CASE REPORT article
Sec. Intensive Care Medicine and Anesthesiology
Volume 9 - 2022 | https://doi.org/10.3389/fmed.2022.1089863
Case report:Multiple abscesses caused by Porphyromonas gingivalis diagnosed by metagenomic next-generation sequencing
- 1Department of Intensive Care Unit, Guangzhou Red Cross Hospital, Guangzhou, China
- 2Department of Otorhinolaryngology Head and Neck Surgery, The First Affiliated Hospital, Sun Yat-sen University, Guangzhou, China
Background: Extraoral infection by Porphyromonas gingivalis (P. gingivalis) is extremely rare and challenging to diagnose because the fastidious pathogen is difficult to culture by traditional methods. We report the first case of a patient with multiple abscesses in muscles and the brain with dura empyema due to P. gingivalis, which was diagnosed by metagenomic next-generation sequencing (mNGS).
Case presentation: A 65-year-old male patient was admitted to our hospital for multiple lumps in his body. Brain magnetic resonance imaging (MRI) and lower-limb computed tomography (CT) revealed multiple abscesses in the brain and muscles. A diagnosis of P. gingivalis infection was made based on mNGS tests of blood, cerebrospinal fluid (CSF), and pus samples, as the traditional bacterial culture of these samples showed negative results. Target antibiotic therapy with meropenem and metronidazole was administered, and CT-guided percutaneous catheter drainage of abscesses in both thighs was performed. The size of muscle abscesses reduced significantly and neurological function improved. The patient was followed up for 4 months. No abscesses re-appeared, and the remaining abscesses in his backside and both legs were completely absorbed. He can speak fluently and walk around freely without any neurological deficits.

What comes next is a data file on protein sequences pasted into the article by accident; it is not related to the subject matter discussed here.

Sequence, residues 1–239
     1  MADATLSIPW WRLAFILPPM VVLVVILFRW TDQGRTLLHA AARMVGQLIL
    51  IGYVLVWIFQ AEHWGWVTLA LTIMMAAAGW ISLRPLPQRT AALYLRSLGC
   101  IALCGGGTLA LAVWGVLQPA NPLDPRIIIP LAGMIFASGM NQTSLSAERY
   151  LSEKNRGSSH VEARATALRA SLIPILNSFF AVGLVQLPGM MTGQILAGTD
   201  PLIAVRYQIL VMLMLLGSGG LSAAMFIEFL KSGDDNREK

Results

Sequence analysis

Conclusion: Metagenomic next-generation sequencing is helpful for early diagnosis and subsequent treatment of P. gingivalis-associated multiple abscesses.